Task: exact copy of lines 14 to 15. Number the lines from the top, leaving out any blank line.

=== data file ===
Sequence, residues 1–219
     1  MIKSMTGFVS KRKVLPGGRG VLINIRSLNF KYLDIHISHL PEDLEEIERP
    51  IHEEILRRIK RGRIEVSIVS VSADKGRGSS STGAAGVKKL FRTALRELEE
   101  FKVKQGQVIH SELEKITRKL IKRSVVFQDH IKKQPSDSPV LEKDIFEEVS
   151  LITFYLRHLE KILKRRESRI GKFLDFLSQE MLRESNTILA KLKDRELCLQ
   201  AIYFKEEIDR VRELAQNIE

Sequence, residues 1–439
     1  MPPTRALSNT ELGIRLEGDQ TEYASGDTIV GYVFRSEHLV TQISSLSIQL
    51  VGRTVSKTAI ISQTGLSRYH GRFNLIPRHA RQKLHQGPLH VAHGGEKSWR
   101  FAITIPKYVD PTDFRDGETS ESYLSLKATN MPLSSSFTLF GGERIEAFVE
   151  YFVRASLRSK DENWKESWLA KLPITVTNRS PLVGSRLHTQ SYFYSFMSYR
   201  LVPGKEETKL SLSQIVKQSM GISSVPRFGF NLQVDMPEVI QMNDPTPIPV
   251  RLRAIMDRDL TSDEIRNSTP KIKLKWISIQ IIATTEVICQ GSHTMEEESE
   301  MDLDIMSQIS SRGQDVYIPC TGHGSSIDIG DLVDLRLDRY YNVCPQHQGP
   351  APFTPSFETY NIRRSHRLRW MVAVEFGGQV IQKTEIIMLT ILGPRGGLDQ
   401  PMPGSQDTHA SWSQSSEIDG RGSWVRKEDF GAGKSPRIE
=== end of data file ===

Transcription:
   301  MDLDIMSQIS SRGQDVYIPC TGHGSSIDIG DLVDLRLDRY YNVCPQHQGP
   351  APFTPSFETY NIRRSHRLRW MVAVEFGGQV IQKTEIIMLT ILGPRGGLDQ